Pure Vegetarian will bring you closer to such a sattvik thought and lifestyle of goodness, and the practice of nonviolence, ahimsa, which is a prerequisite to yogic culture and Pure Vegetarian today. By sharing my pilgrimage around the table, I hope to feed the insightful, blissful part of you that is hungrier for enlightenment than for bread and butter.
There are 108 recipes in the book. Those of you who are familiar with Eastern traditions know that it is a sacred number. The rosary I count my meditation mantras has also 108 wooden beads. Because cooking is a type of meditation to me, I thought it was appropriate to tie the recipes into a symbolic string of beads, and devote as much care to each of them as I give to my daily series of prayers.
The recipes are categorized according to the type. In the dairy section, for example, you will find homemade cheese, buttermilk, yogurt, butter, sour cream and even crème fraiche.
Among the spice mixes there are sambar, chaat and garam masala. I’ve also presented a way to preserve fresh curry leaves and, as unorthodox as it is for authentic Indian kitchen, offered a curry-powder recipe so that Westerners who buy it from a shop can make it at home!
For grain, rice and dal lovers there are basic recipes, but also unconventional ones, like coconut rice with saffron, green mung beans with fennel, quinoa kitchari and savory semolina porridge.
The vegetable dishes include beetroot kofta, oven fried bitter melon crisps, pumpkin and spinach curry, and Bengali-styled vegetables in mustard-seed sauce. Some of the preparations – like baby potatoes in yogurt and tomato sauce, and spiced green beans – are quite piquant, and others – like Brussels sprouts in sour cream, and cauliflower and coconut curry – are mild.
I demonstrate how to make different kinds of flatbreads, Indian crepes, spicy lentil doughnuts and other side-dishes, snacks and party munches. There is also an introduction to growing seedlings and sprouts, and picking wild flowers for salads in the book.
If you have a taste for a little bit of heat, I’ve presented various chutneys made from nuts, berries and fruits. And, if you still grave for hotness, you will find a recipe for a quick eggplant pickle.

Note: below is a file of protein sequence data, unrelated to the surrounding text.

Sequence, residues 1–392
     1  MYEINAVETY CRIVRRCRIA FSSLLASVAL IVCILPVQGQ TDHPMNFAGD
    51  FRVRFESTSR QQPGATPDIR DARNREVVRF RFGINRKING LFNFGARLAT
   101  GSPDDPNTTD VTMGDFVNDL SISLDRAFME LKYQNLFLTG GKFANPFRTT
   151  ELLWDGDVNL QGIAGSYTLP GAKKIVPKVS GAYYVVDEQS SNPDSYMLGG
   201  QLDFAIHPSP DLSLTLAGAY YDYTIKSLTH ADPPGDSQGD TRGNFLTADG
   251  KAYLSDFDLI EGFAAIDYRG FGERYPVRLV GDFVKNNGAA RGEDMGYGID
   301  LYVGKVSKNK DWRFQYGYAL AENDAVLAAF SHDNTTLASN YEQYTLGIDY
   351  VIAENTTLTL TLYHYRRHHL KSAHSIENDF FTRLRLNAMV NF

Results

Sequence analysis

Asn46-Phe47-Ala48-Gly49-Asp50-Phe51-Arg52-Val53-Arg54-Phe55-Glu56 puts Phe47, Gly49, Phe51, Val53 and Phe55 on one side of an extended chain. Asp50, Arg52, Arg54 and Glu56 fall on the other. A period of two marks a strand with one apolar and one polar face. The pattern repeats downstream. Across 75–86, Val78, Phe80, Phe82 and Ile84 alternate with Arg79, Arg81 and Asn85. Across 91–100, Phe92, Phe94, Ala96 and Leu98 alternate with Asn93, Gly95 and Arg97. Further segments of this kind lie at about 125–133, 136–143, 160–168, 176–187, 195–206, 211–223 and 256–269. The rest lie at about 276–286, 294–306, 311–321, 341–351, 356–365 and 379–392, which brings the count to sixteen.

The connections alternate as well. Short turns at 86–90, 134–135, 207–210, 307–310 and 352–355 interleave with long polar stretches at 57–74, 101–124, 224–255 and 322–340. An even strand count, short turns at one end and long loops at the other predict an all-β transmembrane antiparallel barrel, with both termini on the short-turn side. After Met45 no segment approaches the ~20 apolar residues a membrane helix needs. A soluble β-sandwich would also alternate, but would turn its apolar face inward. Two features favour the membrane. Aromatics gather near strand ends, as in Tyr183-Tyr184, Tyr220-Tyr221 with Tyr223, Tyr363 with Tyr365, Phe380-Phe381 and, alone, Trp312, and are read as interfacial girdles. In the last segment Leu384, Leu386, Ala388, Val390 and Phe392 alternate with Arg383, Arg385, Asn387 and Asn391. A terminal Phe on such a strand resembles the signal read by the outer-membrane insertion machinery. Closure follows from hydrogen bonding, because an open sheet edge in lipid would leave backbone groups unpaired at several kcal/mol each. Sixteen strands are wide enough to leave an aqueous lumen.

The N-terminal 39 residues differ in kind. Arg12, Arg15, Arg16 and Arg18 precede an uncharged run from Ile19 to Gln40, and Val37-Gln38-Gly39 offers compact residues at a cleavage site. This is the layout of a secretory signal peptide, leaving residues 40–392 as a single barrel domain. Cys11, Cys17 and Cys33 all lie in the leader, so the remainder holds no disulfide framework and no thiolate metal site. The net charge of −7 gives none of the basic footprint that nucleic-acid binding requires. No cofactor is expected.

Then, the desserts will take you around India from Braj, where thick milk-sweets are cooked down for Sri Krishna’s pleasure, to the coastal town of Puri, where the Lord of the Universe enjoys, with a wide smile, burnt cheese and molasses cakes in an ancient Jagannatha Mandir. You will visit an aristocratic Bengali tradition of making steamed cheese pudding, and sense the royal opulence of Karnataka by tasting a melt-in-the mouth candy, Mysore Pak. When you are about to twist your tongue with exotic names – Kheer, Kalakhand, Bhapa Doi, Gopinatha, Laddu, Amrakhand and Sandesh – you may take a break with ice-cream, peach pie or energy bars! One thing is for sure: you won’t be deprived of sweetness while browsing through Pure Vegetarian !
Should you decide to walk on the healthier side of life, I recommend you to skip the syrupy temptations, and make a cup of yogi-tea, green smoothie, beet and carrot juice, or a refreshing lime and cucumber drink as shown in the end of the recipe section.
In addition to all this, I’ve also itemized my kitchenware to give you an idea of which utensils and appliances are practical to have on hand, and included a conversion table to help you change any volume, weight, or temperature into your standard unit.
I’ve also taken time to consider the connection between food and hospitality, culture and etiquette, and composing and serving a meal. If you find anything valuable in the book, apply it to your life and pass it on to others!